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M23-35

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New post 16 Sep 2014, 01:20
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If \(x\) is a positive integer, \(f(x)\) is defined as the number of positive integers which are less than \(x\) and do not have a common factor with \(x\) other than 1. If \(x\) is prime, then \(f(x)=\)?

A. \(x - 2\)
B. \(x - 1\)
C. \(\frac{(x + 1)}{2}\)
D. \(\frac{(x - 1)}{2}\)
E. 2
[Reveal] Spoiler: OA

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Official Solution:

If \(x\) is a positive integer, \(f(x)\) is defined as the number of positive integers which are less than \(x\) and do not have a common factor with \(x\) other than 1. If \(x\) is prime, then \(f(x)=\)?

A. \(x - 2\)
B. \(x - 1\)
C. \(\frac{(x + 1)}{2}\)
D. \(\frac{(x - 1)}{2}\)
E. 2


Basically the question is: how many positive integers are less than given prime number \(x\), which has no common factor with \(x\) except 1.

Well, as \(x\) is a prime, all positive numbers less than \(x\) have no common factors with \(x\) (except common factor 1). So there would be \(x-1\) such numbers (as we are looking number of integers less than \(x\)).

For example consider \(x=7=prime\): how many numbers are less than 7 and have no common factors with 7: 1, 2, 3, 4, 5, and 6, so total of \(7-1=6\) numbers.


Answer: B
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M23-35 [#permalink]

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New post 15 Jun 2015, 06:33
Hi Bunuel,

Please correct my understanding here.

Aren't we supposed to return the set of all the positive numbers less than x that does not have a common factor with x OTHER THAN 1.

In that case, aren't we supposed to ignore the positive factor 1 and find out how many other numbers less than x are there who do not have common factor with X.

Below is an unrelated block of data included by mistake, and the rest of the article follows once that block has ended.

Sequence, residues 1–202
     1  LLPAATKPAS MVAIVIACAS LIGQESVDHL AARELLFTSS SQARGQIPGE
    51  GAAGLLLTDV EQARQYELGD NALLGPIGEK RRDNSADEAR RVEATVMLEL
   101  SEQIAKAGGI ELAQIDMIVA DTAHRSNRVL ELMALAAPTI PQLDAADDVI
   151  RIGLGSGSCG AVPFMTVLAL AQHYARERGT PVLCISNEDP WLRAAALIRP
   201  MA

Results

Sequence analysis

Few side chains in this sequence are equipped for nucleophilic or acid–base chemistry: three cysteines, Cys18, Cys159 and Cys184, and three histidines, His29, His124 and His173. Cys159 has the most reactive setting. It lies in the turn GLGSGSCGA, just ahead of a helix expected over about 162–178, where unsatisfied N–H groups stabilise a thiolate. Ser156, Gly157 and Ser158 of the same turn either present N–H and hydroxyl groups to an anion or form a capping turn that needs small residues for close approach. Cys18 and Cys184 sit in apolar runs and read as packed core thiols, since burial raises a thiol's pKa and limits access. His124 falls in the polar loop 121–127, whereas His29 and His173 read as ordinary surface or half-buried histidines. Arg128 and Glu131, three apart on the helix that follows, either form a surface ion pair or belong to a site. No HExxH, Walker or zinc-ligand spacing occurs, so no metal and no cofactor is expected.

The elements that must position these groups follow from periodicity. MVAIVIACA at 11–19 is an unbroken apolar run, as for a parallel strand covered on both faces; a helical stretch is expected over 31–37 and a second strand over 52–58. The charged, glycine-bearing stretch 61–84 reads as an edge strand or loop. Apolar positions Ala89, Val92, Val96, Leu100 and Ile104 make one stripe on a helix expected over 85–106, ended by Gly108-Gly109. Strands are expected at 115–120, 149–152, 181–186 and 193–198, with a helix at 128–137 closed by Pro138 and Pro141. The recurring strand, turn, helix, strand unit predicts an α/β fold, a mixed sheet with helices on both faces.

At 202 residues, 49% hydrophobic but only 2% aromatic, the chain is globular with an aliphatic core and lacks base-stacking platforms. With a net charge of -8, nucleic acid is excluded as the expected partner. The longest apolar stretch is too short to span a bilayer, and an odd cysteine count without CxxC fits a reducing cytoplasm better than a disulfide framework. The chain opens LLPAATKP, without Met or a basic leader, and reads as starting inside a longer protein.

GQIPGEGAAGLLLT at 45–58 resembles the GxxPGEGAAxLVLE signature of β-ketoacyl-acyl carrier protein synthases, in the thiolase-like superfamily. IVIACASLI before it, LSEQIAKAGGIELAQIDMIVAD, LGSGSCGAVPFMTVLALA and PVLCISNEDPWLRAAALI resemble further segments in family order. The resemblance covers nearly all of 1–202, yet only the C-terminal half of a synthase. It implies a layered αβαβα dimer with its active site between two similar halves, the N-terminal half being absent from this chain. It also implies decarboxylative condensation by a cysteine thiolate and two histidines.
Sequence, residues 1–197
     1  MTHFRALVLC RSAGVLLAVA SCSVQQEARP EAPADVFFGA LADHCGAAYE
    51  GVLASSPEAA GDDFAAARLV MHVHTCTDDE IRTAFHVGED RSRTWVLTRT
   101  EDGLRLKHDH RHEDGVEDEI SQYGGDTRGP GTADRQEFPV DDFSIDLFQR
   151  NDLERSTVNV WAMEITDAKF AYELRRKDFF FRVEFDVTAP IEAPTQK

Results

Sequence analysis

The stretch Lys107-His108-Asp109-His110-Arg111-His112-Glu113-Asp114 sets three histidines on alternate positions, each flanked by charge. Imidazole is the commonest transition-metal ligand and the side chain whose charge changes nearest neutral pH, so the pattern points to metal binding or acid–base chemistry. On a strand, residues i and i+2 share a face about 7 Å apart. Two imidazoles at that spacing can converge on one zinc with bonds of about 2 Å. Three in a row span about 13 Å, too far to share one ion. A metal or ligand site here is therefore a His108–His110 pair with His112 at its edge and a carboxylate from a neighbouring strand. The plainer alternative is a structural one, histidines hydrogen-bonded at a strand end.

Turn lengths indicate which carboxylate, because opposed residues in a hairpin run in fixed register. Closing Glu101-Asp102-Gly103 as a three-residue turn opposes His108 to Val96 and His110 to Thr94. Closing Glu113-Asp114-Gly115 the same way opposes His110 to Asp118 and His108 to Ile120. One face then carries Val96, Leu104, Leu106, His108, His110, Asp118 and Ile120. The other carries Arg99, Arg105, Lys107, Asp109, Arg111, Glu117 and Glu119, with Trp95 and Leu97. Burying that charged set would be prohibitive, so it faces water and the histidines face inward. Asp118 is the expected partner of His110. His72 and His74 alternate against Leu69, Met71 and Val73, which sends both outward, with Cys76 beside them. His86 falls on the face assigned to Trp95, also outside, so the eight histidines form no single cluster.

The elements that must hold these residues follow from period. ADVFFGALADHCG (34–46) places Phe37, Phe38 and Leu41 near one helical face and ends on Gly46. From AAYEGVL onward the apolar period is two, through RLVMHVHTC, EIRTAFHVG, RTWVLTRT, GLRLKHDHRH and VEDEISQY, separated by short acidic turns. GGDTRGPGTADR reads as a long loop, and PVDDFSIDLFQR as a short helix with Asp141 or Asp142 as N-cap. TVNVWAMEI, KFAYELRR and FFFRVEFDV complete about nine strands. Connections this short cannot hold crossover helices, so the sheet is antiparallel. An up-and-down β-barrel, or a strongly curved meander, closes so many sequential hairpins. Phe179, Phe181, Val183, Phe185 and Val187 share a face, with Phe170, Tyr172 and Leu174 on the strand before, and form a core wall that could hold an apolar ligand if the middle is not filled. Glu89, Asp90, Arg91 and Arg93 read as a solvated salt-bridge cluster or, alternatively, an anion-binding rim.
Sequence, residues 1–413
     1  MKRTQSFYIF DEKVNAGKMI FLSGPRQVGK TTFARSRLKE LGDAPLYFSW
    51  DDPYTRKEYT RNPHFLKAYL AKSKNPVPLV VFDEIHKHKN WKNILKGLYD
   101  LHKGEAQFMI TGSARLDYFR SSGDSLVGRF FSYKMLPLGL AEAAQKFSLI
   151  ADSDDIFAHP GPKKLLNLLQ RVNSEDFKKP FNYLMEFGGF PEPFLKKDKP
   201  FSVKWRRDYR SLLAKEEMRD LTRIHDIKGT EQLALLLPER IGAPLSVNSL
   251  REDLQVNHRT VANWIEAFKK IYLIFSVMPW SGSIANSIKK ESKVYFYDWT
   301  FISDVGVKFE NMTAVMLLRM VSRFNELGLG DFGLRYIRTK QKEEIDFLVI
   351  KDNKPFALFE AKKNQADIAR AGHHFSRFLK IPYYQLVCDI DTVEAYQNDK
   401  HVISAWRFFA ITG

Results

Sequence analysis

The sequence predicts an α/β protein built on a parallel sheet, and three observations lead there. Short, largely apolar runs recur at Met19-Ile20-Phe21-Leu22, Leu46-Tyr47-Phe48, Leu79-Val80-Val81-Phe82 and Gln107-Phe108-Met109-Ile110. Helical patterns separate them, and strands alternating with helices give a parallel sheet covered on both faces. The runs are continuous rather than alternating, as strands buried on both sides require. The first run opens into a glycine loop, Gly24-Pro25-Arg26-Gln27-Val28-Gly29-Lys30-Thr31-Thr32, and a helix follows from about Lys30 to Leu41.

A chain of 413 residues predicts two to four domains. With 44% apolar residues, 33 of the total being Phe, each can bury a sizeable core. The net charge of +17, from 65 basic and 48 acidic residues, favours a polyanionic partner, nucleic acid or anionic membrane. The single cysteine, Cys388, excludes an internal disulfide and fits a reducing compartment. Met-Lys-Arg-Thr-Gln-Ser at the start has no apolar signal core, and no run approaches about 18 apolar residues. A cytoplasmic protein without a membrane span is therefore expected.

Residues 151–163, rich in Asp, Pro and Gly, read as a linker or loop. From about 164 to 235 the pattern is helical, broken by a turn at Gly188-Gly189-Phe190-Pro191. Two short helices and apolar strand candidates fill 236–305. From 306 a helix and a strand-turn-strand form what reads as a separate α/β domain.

With this as my understanding, I selected option (A) -> x-2.

eg: say prime number is 7.

Numbers less than 7 other than 1 -> 2, 3,4,5,6.
Total - 5 and hence X-2.


Bunuel wrote:
Official Solution:

If \(x\) is a positive integer, \(f(x)\) is defined as the number of positive integers which are less than \(x\) and do not have a common factor with \(x\) other than 1. If \(x\) is prime, then \(f(x)=\)?

A. \(x - 2\)
B. \(x - 1\)
C. \(\frac{(x + 1)}{2}\)
D. \(\frac{(x - 1)}{2}\)
E. 2


Basically the question is: how many positive integers are less than given prime number \(x\), which has no common factor with \(x\) except 1.

Well, as \(x\) is a prime, all positive numbers less than \(x\) have no common factors with \(x\) (except common factor 1). So there would be \(x-1\) such numbers (as we are looking number of integers less than \(x\)).

For example consider \(x=7=prime\): how many numbers are less than 7 and have no common factors with 7: 1, 2, 3, 4, 5, and 6, so total of \(7-1=6\) numbers.


Answer: B

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New post 15 Jun 2015, 06:43
svijayaug12 wrote:
Hi Bunuel,

Please correct my understanding here.

Aren't we supposed to return the set of all the positive numbers less than x that does not have a common factor with x OTHER THAN 1.

In that case, aren't we supposed to ignore the positive factor 1 and find out how many other numbers less than x are there who do not have common factor with X.

With this as my understanding, I selected option (A) -> x-2.

eg: say prime number is 7.

Numbers less than 7 other than 1 -> 2, 3,4,5,6.
Total - 5 and hence X-2.


Bunuel wrote:
Official Solution:

If \(x\) is a positive integer, \(f(x)\) is defined as the number of positive integers which are less than \(x\) and do not have a common factor with \(x\) other than 1. If \(x\) is prime, then \(f(x)=\)?

A. \(x - 2\)
B. \(x - 1\)
C. \(\frac{(x + 1)}{2}\)
D. \(\frac{(x - 1)}{2}\)
E. 2


Basically the question is: how many positive integers are less than given prime number \(x\), which has no common factor with \(x\) except 1.